Earl & Petes legendary hike
VAIL, Colorado Early one morning in March of 1957, Earl Eaton and Pete Seibert strapped on leather ski boots at the base of Vail Mountain and went hunting for a ski resort. When the pair summited the then nameless peak after a long, cold hike through knee deep powder, they gazed at the endless, powdery bowls and knew they were seeing the future. They had found Vail.Vails history stems from Eaton and Seiberts shared sense of adventure and dream of creating a ski resort, and that first trip up the mountain together is legend around here one of those stories told over and over again, one of those well documented moments that truly changed history, at least in Eagle County.
Earl took Peter up, they hiked up all day, eight or nine hours, and when they got to the top, Peter said, Earl, you found the place, lets do something about it, said Dick Hauserman, one of the original directors of Vail Associates.Since he was a young boy, Eaton, who was born near Squaw Creek in 1922, had hunted and hiked the entire area. As an adult, he worked in ski patrol or as a snowcat driver in the winters, and in the summers, hiked through the Colorado backcountry with a Geiger counter, looking for minerals. This gave him a special knowledge of the less seen areas of the mountains, and he wanted to find a place for a perfect ski resort.Seibert, who served with the 10th Mountain Division during World War II and had been a member of the 1950 US Alpine Ski team, had also long dreamed of creating a ski resort.They first met in Aspen in 1947, and for the next 10 years, they explored at least a dozen possible ski mountains together, including the Collegiate Peaks west of Salida, Monarch Pass and the San Juan range in southwest Colorado. They werent up to snuff.Early in 1957 while they were both working in the Loveland Pass ski area, Eaton again approached Seibert with what appeared to be a winner.He told me that it was the damnedest ski mountain he had ever seen. He said that the only reason someone hadnt already developed it was because no one could see the top slopes or the miraculous Back Bowls from the valley below, Seibert wrote in Vail: Triumph of a Dream.So, then came that first hike. Eaton took Seibert to the base of the mountain, and they began their trek up. Seibert describes the trip as long and tiring he even kidded Eaton a few times on the way up, hoping that they werent wasting their time.Hunting for a good ski mountain is never a waste of time, Eaton said, convinced that his discovery was an impressive one.When they reached the top, that was it. Seibert describes slowly turning in a circle and seeing perfect ski terrain in every direction.We hiked all over the state, but we never found anything that was better. We were building trails and lifts (in our minds) and the seven hours went by pretty quickly, Eaton told the Vail Daily in 2002 after Seibert died.The rest is history, and the building of Vail began. Seibert became the driving force behind building Vail, assembling the first board of directors and carrying the big vision of what Vail should look like and how it should be done.Eaton stayed in the background. He worked for Vail Associates from the beginning as the main man figuring out where the trails would go and how they would be built.Because of that relationship Seibert in the front, leading the way, and Eaton in the background, building the trails Seibert usually got most of the credit for founding Vail, Hauserman said. Really though, Seiberts original partner, Eaton the man who showed him the mountain should be recognized as well, he said.Staff Writer Matt Terrell can be reached at 970-748-2955 or email@example.com.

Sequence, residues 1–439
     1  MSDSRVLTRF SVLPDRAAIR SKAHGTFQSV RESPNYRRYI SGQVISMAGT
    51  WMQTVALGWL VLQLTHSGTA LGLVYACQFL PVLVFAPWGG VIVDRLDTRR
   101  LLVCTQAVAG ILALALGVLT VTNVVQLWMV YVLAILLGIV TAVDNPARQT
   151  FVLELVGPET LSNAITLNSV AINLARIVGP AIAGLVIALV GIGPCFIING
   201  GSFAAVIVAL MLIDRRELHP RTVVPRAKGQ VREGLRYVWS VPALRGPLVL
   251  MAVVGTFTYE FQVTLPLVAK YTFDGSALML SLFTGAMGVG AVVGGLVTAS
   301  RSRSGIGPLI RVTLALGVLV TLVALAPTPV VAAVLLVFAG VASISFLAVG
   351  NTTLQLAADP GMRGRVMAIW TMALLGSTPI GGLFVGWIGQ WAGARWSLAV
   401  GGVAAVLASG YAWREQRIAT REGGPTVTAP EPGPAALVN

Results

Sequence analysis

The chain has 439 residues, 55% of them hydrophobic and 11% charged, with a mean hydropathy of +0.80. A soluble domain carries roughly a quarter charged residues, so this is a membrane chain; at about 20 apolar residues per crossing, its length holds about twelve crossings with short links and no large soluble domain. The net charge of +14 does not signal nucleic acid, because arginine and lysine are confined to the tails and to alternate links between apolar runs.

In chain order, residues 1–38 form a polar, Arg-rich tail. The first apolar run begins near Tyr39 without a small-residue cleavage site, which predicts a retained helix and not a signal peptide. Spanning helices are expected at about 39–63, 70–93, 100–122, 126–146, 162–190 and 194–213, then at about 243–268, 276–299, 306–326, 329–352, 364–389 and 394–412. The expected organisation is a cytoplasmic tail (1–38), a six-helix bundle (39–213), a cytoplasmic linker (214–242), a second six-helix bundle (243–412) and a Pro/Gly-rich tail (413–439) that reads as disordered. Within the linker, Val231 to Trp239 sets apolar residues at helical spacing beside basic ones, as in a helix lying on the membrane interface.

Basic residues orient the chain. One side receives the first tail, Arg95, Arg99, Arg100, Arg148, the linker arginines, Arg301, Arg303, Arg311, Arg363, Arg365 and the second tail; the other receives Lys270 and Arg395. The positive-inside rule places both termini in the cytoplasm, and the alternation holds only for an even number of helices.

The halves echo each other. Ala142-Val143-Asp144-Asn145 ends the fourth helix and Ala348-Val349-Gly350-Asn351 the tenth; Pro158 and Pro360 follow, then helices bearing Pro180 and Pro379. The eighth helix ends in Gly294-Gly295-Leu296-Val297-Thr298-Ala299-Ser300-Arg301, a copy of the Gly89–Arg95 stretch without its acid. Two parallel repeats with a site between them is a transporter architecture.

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A Nov. 30 to Governor Polis and the Eagle County Commissioners from Beaver Creek Resorts Company – as well as the towns of Vail, Avon, Eagle and Minturn – requests a variance program which would allow businesses to remain open.